Midwest Marketing Solutions
MGEX sees record volume
MGEX concluded 2018 with a total of 2,335,284 contracts traded, which is the second highest calendar year volume in history. Alongside this achievement, December 2018 reached a total volume of 140,453 contracts, and an options volume of 1,997 contracts, which are both higher in comparison to December 2017. Additionally, open interest at market close on the 31st was recorded at 68,468 contracts. .
TPP goes on without the U.S.
The Trans-Pacific Partnership (TPP) has gone into effect at the end of the year without the United States.
North Dakota Wheat Commission executive director Neal Fisher says U.S. wheat must prepare for a worst-case scenario.
“Tariffs with a country like Japan become less for those involved,” explains Fisher. “Eventually, Canada and Australia will have a $2/bushel advantage over the U.S. That’s the worst case scenario.” Fisher is hopeful a bilateral trade agreement can be worked out between the U.S. and Japan, also with other southeast Asian countries.
Corn closed the week $.07 3/4 higher. Last week, private exporters did not release any export sales due to the temporary government shutdown.
Weekly export inspections for the week ending December 27 came in at 35.974 mb for corn. To reach the USDA export forecast, corn needs to average 45.2 mb each week. In the weekly EIA report, crude oil stocks were unchanged versus an expected drawdown of -3.0 mb.
Ethanol production averaged 1,011k bpd versus 1,042k the prior week. Ethanol stocks rose 100,000 barrels to 23.2 million barrels. Export demand is starting to improve but ethanol demand is weakening.
The January stocks, crop production and supply/demand report should be a major market mover. A bullish report should be sold by producers. This month’s supply/demand report has the potential to be a major market mover as the USDA will issue the final production forecast for the 2018 crop and update the demand figures. Traders are going to look for the USDA to decrease their final corn production estimate and slightly lower demand estimates. Farmer selling should increase after the first of the year as farmers will need to move some corn to maintain the quality of the stored crop, but basis levels should narrow through the winter months.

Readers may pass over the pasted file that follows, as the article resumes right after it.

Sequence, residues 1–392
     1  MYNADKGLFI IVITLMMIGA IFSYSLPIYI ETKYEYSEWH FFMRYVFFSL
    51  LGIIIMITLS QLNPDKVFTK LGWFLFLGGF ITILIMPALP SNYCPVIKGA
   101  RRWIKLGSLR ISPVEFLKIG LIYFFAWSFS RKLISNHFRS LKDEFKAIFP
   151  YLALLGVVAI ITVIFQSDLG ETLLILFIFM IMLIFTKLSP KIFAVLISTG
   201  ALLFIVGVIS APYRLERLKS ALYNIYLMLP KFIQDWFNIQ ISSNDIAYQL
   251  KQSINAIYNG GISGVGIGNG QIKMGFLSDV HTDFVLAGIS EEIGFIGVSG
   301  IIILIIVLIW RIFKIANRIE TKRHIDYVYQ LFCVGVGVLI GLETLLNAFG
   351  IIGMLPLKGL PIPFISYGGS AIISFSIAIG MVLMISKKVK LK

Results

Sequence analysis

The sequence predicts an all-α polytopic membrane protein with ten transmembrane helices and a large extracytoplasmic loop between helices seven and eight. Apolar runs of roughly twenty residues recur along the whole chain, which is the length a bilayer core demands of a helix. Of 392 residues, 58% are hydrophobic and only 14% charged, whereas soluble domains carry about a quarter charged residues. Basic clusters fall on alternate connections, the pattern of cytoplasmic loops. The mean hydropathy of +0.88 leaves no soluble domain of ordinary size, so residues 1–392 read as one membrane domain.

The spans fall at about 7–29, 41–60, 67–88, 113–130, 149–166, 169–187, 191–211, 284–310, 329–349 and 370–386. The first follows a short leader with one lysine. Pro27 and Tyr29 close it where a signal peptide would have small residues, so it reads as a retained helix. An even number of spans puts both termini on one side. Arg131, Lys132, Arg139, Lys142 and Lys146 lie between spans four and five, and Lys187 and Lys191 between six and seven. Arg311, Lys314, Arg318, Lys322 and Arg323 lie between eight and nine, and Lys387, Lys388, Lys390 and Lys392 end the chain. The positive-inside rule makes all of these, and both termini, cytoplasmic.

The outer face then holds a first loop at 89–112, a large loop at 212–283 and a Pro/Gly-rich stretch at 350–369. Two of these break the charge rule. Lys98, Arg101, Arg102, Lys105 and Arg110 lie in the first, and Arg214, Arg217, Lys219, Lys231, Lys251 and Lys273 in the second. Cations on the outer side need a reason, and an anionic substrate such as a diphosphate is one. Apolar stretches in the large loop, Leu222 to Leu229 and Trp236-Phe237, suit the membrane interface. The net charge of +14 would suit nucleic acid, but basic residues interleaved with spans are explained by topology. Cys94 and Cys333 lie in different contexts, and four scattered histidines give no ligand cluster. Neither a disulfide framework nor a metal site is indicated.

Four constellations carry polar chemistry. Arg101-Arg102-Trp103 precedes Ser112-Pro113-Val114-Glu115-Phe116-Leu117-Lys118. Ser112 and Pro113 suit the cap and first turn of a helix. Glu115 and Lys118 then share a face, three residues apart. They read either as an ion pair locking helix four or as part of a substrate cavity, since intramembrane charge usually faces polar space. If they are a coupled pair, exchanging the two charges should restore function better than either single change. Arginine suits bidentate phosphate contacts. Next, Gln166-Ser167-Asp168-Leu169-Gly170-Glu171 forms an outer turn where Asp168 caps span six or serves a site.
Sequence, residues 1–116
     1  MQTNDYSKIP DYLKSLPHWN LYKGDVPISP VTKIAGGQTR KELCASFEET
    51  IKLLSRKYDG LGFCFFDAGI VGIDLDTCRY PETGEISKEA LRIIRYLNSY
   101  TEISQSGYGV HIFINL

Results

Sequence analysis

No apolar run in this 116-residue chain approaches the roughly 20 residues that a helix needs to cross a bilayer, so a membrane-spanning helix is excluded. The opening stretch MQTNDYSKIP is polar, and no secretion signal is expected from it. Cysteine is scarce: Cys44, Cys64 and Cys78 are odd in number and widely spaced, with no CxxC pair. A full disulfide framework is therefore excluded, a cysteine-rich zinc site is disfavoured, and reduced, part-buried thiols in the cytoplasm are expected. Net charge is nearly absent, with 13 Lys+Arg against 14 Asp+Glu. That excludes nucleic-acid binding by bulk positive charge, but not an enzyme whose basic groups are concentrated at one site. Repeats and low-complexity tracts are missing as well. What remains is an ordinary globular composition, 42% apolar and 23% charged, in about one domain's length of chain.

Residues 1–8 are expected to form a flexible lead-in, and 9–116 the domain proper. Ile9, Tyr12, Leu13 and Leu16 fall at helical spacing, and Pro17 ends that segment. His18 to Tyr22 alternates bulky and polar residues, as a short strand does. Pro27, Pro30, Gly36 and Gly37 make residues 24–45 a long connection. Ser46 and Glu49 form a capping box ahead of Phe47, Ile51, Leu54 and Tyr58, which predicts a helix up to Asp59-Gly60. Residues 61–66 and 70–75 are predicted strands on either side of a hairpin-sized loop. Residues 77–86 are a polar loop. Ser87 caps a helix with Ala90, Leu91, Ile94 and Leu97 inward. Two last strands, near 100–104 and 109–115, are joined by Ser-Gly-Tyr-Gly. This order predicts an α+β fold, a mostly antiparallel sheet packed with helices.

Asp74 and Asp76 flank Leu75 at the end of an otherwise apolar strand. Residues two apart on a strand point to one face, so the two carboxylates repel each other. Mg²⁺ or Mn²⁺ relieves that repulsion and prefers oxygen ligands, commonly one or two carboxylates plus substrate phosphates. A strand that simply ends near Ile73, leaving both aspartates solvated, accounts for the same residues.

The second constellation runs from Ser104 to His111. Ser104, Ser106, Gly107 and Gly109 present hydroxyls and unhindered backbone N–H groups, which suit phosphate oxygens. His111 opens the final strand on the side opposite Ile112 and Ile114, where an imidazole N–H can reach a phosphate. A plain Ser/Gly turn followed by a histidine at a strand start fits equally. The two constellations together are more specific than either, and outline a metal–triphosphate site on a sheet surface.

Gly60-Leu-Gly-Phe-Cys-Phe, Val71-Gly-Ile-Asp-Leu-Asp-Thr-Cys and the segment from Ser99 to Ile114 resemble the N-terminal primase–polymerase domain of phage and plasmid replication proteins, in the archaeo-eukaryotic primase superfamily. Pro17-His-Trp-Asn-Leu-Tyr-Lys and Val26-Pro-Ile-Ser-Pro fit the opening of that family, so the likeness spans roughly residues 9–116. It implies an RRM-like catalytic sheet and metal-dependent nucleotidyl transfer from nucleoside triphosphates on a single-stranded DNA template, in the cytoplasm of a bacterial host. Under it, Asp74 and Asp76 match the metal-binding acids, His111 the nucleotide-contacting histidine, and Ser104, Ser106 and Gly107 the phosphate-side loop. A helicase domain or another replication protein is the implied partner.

Strategy and outlook
Producers should look to sell the carry for spring or summer months and use options to re-own and manage risk. Don’t store unpriced crop.
Soybeans closed the week $.26 3/4 higher. Last week, private exporters did not release any export sales due to the temporary government shutdown.
In the weekly export inspections report, the USDA reported inspections for soybeans at 24.90 mb. Soybeans need to average 35.0 mb to reach the USDA forecast. Trade has been disappointed with the Chinese soybean purchases so far.
China is likely to only buy hand to mouth from the U.S. as the trade war continues. In fact, there are rumblings that China will release product from their strategic reserves until South American crop is available in the spring and not buy any more U.S. soybeans.
The market has been anticipating a record soybean crop in South America and updates on this year’s production from South America will be a major driving force for prices throughout the winter. This month’s supply/demand report has the potential to be a major market mover as the USDA will issue the final production forecast for the 2018 crop and update the demand figures.
Traders are going to look for the USDA to decrease their final soybean production estimate and to slightly lower their demand estimates. Farmer selling looks to be a minimum this winter as producers are more interested in selling corn and holding onto their soybeans in case another weather problem develops in South America and prices move higher.
Strategy and outlook
Producers should look to sell the carry for spring or summer months and use options to re-own and manage risk. Don’t store unpriced crops.
This material has been prepared by a sales or trading employee or agent of Midwest Market Solutions and is, or is in the nature of, a solicitation. This material is not a research report prepared by Midwest Market Solution’s Research Department. The risk of loss in trading futures and/or options is substantial and each investor and/or trader must consider whether this is a suitable investment. Past performance, whether actual or indicated by simulated historical tests of strategies, is not indicative of future results. Trading advice is based on information taken from trades and statistical services and other sources that Midwest Market Solutions believes are reliable. We do not guarantee that such information is accurate or complete and it should not be relied upon as such.
Brian Hoops can be reached at (605) 660-1155.
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